History Hour: Pan America flew The Beatles for first US visit
On the 7th of February 1964, at 1:20 pm EST, The Beatles, John Lennon, Paul McArtney, George Harrison and Ringo Starr, arrived in America at John F. Kennedy International Airport from London aboard Pan American World Airways’ Flight 101, a Boeing 707-331, serial number 17683, N704PA, named Jet Clipper Defiance. They were welcomed by an estimated 4,000 fans and 200 journalists.
This was the performers’ first visit to the United States. During their three week tour, they were twice guests on “The Ed Sullivan Show”, with each live television appearance being watched by more than 70,000,000 persons. They performed concerts at the Washington Coliseum, Washington, DC, and at Carnegie Hall, New York City. The Beatles returned to the United Kingdom, 22nd of February 1964.
British rock group The Beatles (L-R: George Harrison, John Lennon, Ringo Starr and Paul McCartney) wave as they board an airplane to begin their first American tour (Photo by Hulton Archive/Getty Images)
The Boeing 707 was developed from the earlier Model 367–80 prototype, the “Dash Eighty.” It is a four-engine jet transport with swept wings and tail surfaces. The leading edge of the wings are swept at a 35° angle. The airliner had a flight crew of four: pilot, co-pilot, navigator and flight engineer.
The 707-331 is 152 feet, 11 inches (46.611 meters) long with a wing span of 145 feet, 9 inches (44.425 meters). The top of the vertical fin stands 42 feet, 5 inches (12.928 meters) high. The wing is considerably different than on the original 707-120 series, with increased length, different flaps and spoilers, and the engines are mounted further outboard. The vertical fin is taller, the horizontal tail plane has increased span, and there is a ventral fin for improved longitudinal stability.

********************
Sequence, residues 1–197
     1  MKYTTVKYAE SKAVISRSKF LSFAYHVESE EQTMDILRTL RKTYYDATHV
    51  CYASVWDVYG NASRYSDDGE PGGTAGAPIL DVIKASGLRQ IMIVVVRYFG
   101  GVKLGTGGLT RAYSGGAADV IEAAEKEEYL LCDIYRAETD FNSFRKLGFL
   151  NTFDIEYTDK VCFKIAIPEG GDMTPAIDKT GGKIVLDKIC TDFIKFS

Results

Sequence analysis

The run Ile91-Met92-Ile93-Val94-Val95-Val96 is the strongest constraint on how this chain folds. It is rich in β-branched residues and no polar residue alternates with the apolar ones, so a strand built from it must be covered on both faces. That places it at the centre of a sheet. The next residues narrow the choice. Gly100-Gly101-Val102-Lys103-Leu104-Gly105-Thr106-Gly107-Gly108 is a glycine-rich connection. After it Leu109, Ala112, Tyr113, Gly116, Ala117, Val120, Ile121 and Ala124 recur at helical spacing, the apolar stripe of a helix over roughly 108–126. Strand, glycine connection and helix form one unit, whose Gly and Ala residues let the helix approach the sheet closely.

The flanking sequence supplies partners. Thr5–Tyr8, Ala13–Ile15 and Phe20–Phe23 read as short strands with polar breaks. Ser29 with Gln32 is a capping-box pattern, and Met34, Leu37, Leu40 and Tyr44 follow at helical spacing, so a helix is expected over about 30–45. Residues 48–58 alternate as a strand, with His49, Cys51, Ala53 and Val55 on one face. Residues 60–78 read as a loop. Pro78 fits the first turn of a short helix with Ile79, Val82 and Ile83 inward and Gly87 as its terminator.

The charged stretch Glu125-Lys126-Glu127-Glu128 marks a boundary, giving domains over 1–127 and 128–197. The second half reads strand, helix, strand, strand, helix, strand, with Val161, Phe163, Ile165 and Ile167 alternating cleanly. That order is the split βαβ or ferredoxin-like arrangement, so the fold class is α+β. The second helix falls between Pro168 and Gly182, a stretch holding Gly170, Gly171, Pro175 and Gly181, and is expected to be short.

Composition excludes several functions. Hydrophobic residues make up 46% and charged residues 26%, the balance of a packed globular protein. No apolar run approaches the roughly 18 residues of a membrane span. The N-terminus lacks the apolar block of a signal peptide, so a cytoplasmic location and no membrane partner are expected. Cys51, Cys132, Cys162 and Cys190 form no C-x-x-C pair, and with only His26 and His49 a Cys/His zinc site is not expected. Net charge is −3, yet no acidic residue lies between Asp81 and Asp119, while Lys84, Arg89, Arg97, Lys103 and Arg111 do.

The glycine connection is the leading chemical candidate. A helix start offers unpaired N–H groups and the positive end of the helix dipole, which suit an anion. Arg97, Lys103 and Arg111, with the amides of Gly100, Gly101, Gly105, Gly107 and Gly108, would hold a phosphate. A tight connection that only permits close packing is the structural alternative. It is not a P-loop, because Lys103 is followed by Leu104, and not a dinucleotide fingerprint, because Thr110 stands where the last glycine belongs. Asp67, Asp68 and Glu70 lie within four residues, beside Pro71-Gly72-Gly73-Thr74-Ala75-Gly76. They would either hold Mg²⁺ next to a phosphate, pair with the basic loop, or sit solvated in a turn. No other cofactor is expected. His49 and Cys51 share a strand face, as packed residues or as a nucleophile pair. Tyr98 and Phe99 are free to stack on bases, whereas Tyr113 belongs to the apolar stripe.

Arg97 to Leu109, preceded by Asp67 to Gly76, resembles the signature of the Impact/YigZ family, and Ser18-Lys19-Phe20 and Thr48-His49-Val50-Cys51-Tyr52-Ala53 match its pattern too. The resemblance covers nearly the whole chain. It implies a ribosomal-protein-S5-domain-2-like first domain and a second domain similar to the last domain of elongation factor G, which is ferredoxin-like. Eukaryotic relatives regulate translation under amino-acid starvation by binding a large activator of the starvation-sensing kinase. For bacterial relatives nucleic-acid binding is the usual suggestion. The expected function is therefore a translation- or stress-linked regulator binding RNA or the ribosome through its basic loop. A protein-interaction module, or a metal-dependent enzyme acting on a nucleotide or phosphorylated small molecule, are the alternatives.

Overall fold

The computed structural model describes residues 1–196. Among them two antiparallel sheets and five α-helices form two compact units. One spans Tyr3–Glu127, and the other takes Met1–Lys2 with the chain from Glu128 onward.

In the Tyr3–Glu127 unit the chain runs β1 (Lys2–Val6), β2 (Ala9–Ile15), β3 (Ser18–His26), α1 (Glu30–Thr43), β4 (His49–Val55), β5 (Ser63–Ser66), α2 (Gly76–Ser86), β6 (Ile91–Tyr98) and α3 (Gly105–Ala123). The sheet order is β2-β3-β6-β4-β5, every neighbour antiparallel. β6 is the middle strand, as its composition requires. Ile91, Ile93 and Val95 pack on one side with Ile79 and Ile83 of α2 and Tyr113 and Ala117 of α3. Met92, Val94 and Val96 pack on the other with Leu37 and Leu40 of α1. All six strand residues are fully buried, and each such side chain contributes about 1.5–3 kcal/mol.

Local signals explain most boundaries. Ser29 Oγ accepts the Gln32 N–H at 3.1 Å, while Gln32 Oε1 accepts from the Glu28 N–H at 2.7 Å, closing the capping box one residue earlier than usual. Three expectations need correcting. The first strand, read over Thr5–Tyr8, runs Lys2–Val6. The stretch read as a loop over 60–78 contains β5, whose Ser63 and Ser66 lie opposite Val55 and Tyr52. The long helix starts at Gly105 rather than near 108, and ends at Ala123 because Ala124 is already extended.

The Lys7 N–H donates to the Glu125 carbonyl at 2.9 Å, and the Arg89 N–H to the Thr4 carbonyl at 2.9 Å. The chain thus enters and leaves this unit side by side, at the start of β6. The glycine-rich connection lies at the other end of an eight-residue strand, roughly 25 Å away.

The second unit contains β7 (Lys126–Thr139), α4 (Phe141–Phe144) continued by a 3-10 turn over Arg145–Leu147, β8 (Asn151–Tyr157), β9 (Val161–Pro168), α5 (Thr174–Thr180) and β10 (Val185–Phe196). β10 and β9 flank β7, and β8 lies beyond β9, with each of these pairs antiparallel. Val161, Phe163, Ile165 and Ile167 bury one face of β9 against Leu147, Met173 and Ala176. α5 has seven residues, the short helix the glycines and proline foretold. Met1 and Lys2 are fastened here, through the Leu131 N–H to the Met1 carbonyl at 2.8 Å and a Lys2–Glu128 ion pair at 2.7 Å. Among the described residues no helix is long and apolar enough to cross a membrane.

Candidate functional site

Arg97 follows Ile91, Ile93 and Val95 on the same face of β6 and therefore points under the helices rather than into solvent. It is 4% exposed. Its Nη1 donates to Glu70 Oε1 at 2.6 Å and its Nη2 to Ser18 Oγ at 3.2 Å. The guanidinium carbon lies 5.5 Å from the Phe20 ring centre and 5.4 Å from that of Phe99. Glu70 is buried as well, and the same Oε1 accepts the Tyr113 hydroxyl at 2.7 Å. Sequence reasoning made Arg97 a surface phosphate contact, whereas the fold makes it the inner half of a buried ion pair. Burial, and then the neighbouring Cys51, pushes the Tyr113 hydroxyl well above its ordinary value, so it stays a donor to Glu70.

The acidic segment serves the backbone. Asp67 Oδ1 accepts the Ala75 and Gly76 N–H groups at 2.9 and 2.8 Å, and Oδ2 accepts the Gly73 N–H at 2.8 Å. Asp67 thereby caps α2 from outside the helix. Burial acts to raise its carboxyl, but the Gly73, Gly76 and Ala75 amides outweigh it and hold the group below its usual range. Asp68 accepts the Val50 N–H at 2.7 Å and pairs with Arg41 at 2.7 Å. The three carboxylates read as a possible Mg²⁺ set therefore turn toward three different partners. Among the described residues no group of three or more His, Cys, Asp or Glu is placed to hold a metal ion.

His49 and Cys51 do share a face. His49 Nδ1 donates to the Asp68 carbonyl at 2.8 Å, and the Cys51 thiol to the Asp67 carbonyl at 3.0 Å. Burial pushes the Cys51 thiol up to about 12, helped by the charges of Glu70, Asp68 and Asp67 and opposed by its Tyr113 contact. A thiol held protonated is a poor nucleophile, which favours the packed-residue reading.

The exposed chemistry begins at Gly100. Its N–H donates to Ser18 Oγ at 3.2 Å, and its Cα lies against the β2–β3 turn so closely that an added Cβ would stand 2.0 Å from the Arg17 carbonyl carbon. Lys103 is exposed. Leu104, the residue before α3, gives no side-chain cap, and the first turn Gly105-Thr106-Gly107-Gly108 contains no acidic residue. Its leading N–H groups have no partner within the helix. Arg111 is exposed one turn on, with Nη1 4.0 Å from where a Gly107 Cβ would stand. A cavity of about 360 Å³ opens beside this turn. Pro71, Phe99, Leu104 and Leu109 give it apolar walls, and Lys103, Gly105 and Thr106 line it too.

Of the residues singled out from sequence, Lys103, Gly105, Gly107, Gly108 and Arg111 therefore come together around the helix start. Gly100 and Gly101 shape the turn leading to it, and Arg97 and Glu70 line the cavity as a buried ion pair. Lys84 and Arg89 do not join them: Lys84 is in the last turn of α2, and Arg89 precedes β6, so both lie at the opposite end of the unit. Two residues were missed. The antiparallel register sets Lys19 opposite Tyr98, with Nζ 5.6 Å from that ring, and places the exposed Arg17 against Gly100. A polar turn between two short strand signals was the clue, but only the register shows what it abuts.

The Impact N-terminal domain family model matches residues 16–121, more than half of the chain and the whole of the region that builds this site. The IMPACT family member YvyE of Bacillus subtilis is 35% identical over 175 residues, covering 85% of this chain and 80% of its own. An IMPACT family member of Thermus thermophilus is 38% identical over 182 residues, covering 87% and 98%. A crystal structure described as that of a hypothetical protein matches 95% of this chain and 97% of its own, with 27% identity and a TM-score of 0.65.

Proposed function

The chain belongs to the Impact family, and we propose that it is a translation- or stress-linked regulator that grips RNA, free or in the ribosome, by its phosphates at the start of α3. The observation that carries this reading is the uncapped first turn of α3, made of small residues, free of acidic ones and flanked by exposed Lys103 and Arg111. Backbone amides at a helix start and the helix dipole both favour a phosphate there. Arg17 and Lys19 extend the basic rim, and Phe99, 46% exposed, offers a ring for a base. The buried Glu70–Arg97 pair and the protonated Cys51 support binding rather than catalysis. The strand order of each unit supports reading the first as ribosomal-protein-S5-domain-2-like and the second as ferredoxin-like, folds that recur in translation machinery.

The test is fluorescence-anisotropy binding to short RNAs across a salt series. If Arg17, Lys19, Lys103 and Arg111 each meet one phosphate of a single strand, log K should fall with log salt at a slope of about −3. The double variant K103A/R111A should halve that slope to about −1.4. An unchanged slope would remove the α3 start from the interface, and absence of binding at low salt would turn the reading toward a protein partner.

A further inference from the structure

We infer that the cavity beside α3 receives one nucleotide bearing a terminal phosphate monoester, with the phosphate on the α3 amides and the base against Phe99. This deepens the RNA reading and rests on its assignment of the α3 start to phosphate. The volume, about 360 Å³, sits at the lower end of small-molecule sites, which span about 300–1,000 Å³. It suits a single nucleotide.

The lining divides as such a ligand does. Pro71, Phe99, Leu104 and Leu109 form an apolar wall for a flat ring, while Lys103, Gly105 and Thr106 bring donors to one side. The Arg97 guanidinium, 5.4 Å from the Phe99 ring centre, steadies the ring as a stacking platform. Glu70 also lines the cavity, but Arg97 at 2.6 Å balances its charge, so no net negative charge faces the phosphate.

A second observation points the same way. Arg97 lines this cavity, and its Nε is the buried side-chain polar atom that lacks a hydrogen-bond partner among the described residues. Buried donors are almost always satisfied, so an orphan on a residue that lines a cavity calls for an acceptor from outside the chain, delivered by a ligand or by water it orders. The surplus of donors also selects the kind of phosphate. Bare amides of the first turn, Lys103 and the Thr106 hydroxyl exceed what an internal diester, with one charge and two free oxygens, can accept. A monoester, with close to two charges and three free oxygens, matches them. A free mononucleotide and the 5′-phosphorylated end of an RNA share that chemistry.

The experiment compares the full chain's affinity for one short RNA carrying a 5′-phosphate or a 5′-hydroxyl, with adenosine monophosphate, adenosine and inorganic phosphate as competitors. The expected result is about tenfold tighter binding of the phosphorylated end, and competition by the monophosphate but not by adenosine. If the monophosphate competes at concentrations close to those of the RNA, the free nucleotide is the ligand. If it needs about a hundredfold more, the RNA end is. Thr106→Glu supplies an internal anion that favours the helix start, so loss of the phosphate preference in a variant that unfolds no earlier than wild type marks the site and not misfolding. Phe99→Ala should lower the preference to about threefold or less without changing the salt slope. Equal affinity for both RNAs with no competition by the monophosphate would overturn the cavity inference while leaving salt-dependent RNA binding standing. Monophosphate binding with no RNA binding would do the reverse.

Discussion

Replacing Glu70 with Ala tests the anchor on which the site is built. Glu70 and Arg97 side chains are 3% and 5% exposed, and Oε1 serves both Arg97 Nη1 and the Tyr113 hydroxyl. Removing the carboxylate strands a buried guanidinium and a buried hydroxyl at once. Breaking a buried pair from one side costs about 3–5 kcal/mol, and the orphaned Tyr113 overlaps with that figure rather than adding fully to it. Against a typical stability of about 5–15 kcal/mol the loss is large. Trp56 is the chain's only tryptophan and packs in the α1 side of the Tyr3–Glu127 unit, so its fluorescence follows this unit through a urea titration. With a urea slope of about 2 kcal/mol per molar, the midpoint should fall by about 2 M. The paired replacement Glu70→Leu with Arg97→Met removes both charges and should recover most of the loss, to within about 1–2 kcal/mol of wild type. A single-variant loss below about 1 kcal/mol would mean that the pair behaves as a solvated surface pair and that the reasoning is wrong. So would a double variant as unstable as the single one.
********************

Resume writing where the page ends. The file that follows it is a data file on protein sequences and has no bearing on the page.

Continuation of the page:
The 707 pre-dated the ”wide-body” airliners, having a fuselage width of 12 feet, 4 inches (3.759 meters).
The airliner’s empty weight is 146,400 pounds (66,406 kilograms). Maximum take off weight (MTOW) is 333,600 pounds (151,320 kilograms). At MTOW, the 707-331 required 10,840 feet (3,280 meters) of runway to take off. The –331 was powered by four Pratt & Whitney JT3D-3 turbofan engines, producing 18,000 pounds of thrust, each. Its maximum speed is 0.80 Mach (552 miles per hour, or 889 kilometers per hour). It had a range of 4,298 miles (6,920 kilometers).
Pan American World Airways’ Boeing 707-331 N704PA, Jet Clipper Defiance, at Stockholm, July 1966. (Photo by Lars Söderström)
The Boeing 707 was in production from 1958 to 1979. 1,010 were built. As of 2013, just ten 707s were still in service.
Jet Clipper Defiance was originally registered to Trans World Airways as N771TW, but never delivered. (It carried a Trans World Airlines model number, 707-331, rather than a Pan American code, 707-321.) It was then sold to Pan Am, delivered 23 March 1960 and registered N704PA. Late in its career, it was leased to several smaller airlines. It was scrapped at Long Beach, California, June 1977.
Previous History Hour installments:
First Class of Women Naval Aviators
How NASA intentionally crashed a Boeing 720
First jet landing on aircraft carrier
First England to Australia flight
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